23 Million Afghans Facing Malnutrition This Winter, Thanks to Joe Biden
$220million-per-month may be required
Half of Afghanistan's population is now facing crippling food shortages just months after Joe Biden's disastrous withdrawal of troops from the country.
23 million Afghans are now facing malnutrition between November and March next year as supplies run out, the UN's World Food Programme has warned
$220 million per month may be required to keep the country from falling into famine after the Taliban takeover.
World leaders are also hesitant to hand over cash amid fears it would legitimize a government that includes wanted terrorists.
Executive director of the World Food Programme, David Beasley, said Afghanistan "is now among the world’s worst humanitarian crises - if not the worst" as he sounded the alarm on Monday.
"Food security has all but collapsed," he added.
"This winter, millions of Afghans will be forced to choose between emigration and starvation unless we can step up our life-saving assistance and unless the economy can be resuscitated."
"We are on a countdown to catastrophe, and if we don’t act now, we will have a total disaster on our hands."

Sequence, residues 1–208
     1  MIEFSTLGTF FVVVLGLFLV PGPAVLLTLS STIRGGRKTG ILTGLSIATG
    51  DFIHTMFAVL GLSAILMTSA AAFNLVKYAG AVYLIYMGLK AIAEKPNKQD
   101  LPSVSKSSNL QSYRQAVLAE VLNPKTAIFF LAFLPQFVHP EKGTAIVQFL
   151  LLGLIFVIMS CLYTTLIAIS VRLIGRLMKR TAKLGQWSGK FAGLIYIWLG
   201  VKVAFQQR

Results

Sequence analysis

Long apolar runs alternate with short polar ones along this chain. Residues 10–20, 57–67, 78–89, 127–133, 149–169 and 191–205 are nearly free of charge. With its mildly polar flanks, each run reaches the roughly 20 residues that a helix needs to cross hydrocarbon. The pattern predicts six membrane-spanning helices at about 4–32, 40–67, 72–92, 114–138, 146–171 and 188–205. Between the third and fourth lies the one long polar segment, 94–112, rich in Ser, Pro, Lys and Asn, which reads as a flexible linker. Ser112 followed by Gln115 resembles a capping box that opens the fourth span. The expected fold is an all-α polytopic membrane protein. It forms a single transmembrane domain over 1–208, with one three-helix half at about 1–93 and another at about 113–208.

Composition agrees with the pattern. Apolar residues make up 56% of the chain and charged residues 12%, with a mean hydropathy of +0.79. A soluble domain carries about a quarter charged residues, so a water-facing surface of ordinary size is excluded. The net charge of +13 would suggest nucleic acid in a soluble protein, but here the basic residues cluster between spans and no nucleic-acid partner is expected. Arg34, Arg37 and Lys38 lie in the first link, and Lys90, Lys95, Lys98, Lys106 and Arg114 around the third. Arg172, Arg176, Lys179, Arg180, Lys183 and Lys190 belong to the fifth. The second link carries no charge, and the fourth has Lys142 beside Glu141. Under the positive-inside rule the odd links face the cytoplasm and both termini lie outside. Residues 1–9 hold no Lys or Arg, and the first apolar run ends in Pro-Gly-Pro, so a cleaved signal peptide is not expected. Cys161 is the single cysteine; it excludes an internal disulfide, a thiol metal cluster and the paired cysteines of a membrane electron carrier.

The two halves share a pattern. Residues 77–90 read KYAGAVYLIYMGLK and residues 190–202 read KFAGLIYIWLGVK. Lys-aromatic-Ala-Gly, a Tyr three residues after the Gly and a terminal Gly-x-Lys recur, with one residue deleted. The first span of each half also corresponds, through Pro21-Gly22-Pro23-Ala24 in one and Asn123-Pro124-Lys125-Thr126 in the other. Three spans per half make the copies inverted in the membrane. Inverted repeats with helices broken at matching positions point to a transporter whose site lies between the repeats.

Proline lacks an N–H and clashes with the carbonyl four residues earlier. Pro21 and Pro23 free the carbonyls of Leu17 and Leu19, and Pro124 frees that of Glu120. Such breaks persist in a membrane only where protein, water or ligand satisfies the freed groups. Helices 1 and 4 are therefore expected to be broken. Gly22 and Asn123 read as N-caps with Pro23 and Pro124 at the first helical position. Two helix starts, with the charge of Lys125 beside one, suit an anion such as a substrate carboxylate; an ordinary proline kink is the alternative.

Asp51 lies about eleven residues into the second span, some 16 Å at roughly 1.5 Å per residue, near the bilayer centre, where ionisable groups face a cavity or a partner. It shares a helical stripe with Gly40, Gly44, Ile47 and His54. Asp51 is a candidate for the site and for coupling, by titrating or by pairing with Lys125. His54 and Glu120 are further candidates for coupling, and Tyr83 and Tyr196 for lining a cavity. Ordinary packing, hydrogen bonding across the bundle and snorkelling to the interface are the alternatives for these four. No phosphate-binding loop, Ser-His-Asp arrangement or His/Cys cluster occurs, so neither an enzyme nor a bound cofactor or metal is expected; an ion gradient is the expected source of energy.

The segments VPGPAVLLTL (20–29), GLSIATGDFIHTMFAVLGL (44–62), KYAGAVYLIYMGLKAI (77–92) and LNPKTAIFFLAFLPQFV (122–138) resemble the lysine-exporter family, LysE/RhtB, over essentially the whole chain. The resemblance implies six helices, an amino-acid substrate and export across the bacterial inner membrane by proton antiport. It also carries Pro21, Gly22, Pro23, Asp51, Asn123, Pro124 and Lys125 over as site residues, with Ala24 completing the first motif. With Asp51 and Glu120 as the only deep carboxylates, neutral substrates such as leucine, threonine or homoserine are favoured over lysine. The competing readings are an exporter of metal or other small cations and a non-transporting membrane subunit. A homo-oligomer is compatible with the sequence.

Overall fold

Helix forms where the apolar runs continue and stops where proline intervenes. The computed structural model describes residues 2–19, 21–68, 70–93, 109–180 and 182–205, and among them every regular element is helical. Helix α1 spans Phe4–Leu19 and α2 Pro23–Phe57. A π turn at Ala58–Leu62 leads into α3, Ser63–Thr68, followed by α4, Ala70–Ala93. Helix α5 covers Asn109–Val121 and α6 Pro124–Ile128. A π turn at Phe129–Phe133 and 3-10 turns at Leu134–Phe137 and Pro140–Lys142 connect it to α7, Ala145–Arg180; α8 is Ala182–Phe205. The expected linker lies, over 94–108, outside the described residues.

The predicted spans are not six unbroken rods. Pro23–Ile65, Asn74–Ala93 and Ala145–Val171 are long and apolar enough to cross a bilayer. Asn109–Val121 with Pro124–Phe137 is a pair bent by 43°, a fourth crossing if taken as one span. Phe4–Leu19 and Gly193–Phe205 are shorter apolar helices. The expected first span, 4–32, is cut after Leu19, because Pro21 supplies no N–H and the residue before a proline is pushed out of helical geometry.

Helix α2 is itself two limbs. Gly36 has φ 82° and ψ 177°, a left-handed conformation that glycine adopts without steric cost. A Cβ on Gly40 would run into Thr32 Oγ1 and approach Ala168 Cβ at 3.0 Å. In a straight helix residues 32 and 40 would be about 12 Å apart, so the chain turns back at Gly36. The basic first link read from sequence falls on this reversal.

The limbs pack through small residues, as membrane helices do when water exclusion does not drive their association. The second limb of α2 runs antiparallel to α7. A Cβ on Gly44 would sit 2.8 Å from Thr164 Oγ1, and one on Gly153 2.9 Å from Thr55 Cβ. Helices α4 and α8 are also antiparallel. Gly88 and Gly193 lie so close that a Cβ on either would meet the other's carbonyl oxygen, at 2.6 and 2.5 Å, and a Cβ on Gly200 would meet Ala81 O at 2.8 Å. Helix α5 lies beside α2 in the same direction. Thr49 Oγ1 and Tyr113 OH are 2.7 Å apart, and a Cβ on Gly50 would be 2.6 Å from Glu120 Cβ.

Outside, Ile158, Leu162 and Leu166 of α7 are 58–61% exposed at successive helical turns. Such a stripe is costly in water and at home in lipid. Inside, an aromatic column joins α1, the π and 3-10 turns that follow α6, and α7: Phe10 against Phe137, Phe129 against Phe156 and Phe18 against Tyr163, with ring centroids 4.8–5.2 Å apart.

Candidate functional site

Afghanistan is dependant on donations to support itself, and some 40 percent of its GDP came from overseas aid.
As The Daily Mail reported:
That has all but dried up since the Islamists swept to power following America's decision to withdraw troops this summer, sparking the near-overnight collapse of a government it spent 20 years funding.
Corruption was common under the US-supported government, with funds meant to help Afghans diverted into the pockets of contractors, officials, and warlords.
Part of the Taliban's appeal to ordinary Afghans when the group re-took control was a pledge to end such abuses.
But few believe the new administration will be any different, only this time, the money may be diverted to fund terrorism rather than to line people's pockets.
Alex Zerden, a former Treasury Department official and fellow at the Center for a New American Security, warned CNBC last month that the potential for corruption within Taliban ranks is 'huge.'
A quarter of Afghanistan's banks are state-owned, he said, along with the national bank, which would typically be used to move large volumes of cash around.
"The Taliban control customs, they control taxation," he said.
"They were in the extortion business a month ago [and] I don’t think they’re going to change."
Andreas Krieg warned the humanitarian funds will inevitably "get into the wrong hands."
World leaders raised some $1billion in UN funding for aid efforts in Afghanistan last month, but need to work out how to get it into the country while bypassing the Taliban.